As we enter into the final month of 2020, we reflect back on what is probably one of the strangest years in our lifetime. The effect of the Covid-19 virus has been far-reaching and devastating to many of the minority populations and elderly in our country. The current US Federal Government has more or less given up and is now embracing the idea of herd immunity as their response to this crisis. Luckily, science has been providing a better option to produce a vaccine in record time through Operation Warp Speed. It is possible that primary healthcare workers and high-risk individuals may be eligible for the vaccine after its initial roll-out in Dec. 2020 or January 2021 following FDA approval. It is projected to be available to average citizens in Q2-2021. Ambiopharm has also been engaged in several peptide applications to potential therapeutics and vaccine candidates with our partners to aid in this Covid-19 quest as well.
Currently, there are three major vaccine programs which have recently completed a widespread phase III clinical trial. These vaccines are all quite different in their approach to develop an immune response in the patients. The programs are being developed by Astra-Zeneca, Pfizer-BioNTech and Modera. A brief description of each program follows:
Astra Zeneca AZD1222
AZD1222 was co-invented by the University of Oxford and its spin-out company, Vaccitech. It uses a replication-deficient chimpanzee viral vector based on a weakened version of a common cold virus (adenovirus) that causes infections in chimpanzees and contains the genetic material of the SARS-CoV-2 virus spike protein. After vaccination, the surface spike protein is produced, priming the immune system to attack the SARS-CoV-2 virus if it later infects the body. This viral vector-based vaccine was reported to be effective in preventing Covid infection with >60% efficacy. There were some issues reported with the manner in which patients were dosed with the vaccine that show a small subset of patients who received a half initial dose followed by a full dose were >90% effective. This issue is complicating the interpretation of the data which consisted of 27,000 patients in a double blind study. Storage conditions for this vaccine are simple requiring only refrigeration (5 C). (1)
Messenger RNA is genetic material that tells cells how to make proteins. So Moderna’s coronavirus vaccine candidate works by injecting a small piece of mRNA from the coronavirus that codes for the virus’ surface spike protein. This protein helps the coronavirus attach to and invade cells, and it’s what antibodies target and neutralize. Moderna’s mRNA vaccine spurs the body to produce the spike protein internally. That, in turn, triggers an immune response.(2) Moderna conducted a phase III trial double blind trial in 30,000 patients. The Phase 3 COVE trial is a randomized, 1:1 placebo-controlled study testing mRNA-1273 at the 100 µg dose level in 30,000 participants in the U.S., ages 18 and older. The primary endpoint is the prevention of symptomatic COVID-19 disease. Key secondary endpoints include prevention of severe COVID-19 disease and prevention of infection by SARS-CoV-2. Moderna announced on Nov. 16, 2020, that the independent, NIH-appointed Data Safety Monitoring Board (DSMB) for the Phase 3 study of mRNA-1273, its vaccine candidate against COVID-19, has informed Moderna that the trial has met the statistical criteria pre-specified in the study protocol for efficacy, with a vaccine efficacy of 94.5%. This vaccine can be stored at -5 C, making its distribution relatively simple in standard doctor’s offices, clinics and pharmacies.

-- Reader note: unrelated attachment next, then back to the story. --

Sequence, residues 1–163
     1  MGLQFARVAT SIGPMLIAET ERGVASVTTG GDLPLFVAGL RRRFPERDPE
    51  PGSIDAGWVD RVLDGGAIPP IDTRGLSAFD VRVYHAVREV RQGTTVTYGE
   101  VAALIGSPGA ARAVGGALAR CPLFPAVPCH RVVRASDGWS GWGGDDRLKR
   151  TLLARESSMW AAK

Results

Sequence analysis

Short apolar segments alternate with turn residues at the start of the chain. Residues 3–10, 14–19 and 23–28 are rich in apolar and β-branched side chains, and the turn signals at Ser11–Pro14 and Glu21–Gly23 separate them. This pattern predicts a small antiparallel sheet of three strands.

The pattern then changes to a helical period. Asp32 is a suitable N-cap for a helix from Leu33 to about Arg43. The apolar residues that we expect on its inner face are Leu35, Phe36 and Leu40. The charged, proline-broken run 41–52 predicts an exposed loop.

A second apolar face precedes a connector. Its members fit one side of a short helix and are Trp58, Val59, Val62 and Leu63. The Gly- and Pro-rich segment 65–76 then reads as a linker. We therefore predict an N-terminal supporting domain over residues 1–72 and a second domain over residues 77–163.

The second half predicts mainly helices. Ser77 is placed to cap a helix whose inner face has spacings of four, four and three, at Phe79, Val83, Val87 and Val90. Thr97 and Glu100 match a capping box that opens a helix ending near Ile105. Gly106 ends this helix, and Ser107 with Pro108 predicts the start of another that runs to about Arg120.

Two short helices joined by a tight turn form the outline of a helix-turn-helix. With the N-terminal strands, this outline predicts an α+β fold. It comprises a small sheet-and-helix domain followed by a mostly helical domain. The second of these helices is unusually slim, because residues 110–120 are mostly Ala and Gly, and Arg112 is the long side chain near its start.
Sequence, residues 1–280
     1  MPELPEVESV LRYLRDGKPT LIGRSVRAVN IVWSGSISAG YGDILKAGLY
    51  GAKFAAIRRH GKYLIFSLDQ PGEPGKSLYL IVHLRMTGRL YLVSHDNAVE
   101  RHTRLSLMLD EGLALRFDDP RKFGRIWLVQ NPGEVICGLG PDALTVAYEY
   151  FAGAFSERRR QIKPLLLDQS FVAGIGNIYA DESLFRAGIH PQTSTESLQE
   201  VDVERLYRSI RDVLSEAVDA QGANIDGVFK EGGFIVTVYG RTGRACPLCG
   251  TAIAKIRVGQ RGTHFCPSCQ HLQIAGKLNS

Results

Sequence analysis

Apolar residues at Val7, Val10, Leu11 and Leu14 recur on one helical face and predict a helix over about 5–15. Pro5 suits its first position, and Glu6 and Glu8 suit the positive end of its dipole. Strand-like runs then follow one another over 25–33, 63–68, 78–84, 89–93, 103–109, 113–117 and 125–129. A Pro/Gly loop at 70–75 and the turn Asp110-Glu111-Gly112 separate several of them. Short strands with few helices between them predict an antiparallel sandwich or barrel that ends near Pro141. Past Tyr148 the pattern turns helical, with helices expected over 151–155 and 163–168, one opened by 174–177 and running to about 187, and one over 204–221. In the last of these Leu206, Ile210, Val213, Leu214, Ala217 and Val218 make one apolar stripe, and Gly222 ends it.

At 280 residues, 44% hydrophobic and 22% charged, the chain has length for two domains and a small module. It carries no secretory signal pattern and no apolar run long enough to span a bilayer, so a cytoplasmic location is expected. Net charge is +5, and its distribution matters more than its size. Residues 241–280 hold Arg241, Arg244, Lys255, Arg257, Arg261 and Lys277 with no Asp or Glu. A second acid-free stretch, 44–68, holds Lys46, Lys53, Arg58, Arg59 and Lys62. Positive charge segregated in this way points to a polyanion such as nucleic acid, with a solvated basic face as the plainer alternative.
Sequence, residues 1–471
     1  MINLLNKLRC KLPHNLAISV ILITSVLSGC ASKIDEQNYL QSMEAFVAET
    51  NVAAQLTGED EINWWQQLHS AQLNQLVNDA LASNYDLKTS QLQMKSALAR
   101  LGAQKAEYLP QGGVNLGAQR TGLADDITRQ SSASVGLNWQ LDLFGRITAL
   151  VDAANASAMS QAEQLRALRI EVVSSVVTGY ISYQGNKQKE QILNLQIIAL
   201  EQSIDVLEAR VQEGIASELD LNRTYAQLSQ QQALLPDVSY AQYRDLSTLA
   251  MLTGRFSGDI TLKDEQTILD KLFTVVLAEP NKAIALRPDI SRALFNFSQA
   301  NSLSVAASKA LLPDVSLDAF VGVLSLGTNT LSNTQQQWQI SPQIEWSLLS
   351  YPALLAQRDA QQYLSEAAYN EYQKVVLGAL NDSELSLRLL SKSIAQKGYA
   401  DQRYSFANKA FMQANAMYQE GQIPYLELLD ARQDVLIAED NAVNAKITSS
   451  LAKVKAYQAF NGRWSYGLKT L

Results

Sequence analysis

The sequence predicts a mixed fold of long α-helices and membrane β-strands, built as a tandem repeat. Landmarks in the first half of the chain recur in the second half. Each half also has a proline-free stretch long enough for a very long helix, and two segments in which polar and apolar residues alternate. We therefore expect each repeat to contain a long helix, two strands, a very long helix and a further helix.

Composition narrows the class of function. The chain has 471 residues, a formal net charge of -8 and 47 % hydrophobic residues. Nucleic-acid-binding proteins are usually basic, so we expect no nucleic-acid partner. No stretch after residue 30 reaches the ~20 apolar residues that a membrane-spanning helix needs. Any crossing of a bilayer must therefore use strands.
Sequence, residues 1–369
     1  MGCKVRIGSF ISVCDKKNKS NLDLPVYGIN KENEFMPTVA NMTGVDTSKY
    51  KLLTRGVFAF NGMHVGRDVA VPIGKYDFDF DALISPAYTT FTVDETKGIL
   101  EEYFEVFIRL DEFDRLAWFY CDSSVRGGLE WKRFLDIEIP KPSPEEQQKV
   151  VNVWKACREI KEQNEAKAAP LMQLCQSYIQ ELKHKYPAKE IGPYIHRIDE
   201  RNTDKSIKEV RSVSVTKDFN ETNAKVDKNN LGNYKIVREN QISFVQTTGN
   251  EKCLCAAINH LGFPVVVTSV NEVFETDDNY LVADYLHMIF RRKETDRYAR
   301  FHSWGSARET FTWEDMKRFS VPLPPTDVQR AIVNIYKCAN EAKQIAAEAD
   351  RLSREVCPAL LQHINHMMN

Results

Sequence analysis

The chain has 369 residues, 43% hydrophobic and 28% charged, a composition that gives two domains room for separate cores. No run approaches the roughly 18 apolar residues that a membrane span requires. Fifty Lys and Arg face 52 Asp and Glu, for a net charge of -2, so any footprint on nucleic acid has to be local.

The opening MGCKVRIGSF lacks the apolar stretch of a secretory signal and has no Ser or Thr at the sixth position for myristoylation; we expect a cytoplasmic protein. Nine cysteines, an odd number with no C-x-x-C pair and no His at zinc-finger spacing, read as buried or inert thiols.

Similar to the Moderna mRNA vaccine described above, the Pfizer-BioNTech is also a mRNA-based vaccine to the surface Spike protein of the Covid-19 virus. On Nov. 18, Pfizer and BioNTech announced that, after conducting the final efficacy analysis in their ongoing Phase 3 study, their mRNA-based COVID-19 vaccine candidate, BNT162b2, met all of the study’s primary efficacy endpoints. Analysis of the data indicates a vaccine efficacy rate of 95% (p<0.0001) in participants (43,000) without prior SARS-CoV-2 infection (first primary objective) and also in participants with and without prior SARS-CoV-2 infection (second primary objective), in each case measured from 7 days after the second dose. The first primary objective analysis is based on 170 cases of COVID-19, as specified in the study protocol, of which 162 cases of COVID-19 were observed in the placebo group versus 8 cases in the BNT162b2 group. Efficacy was consistent across age, gender, race and ethnicity demographics. The observed efficacy in adults over 65 years of age was over 94%.(3) Storage of this vaccine requires extreme cold at -80 C making distribution more complicated. Furthermore, the vials must be administered within 1 hour of thawing. These issues will complicate the distribution of this vaccine.
MMR Vaccine and Covid-19
Published epidemiological data suggests a correlation between patients who receive measles-rubella containing vaccines such as the commonly available MMR vaccine, and reduced COVID-19 death rate. Similar observations were recently noted in a Cambridge Study by Young et al, who noted protein homology between the COVID-19 virus and the rubella virus, corroborating the evidence in this report. The epidemiologic associations suggest that a measles-rubella containing vaccine, as currently produced, may be protective against severe disease and death from COVID-19 exposure. (4)
- Gold, J.E. Tilley, J.P. and Baumgartl, W.H. (2020) MMR Vaccine Appears to Confer Strong Protection from COVID-19: Few Deaths from SARS-CoV-2 in Highly Vaccinated Populations. 10.13140/RG.2.2.32128.25607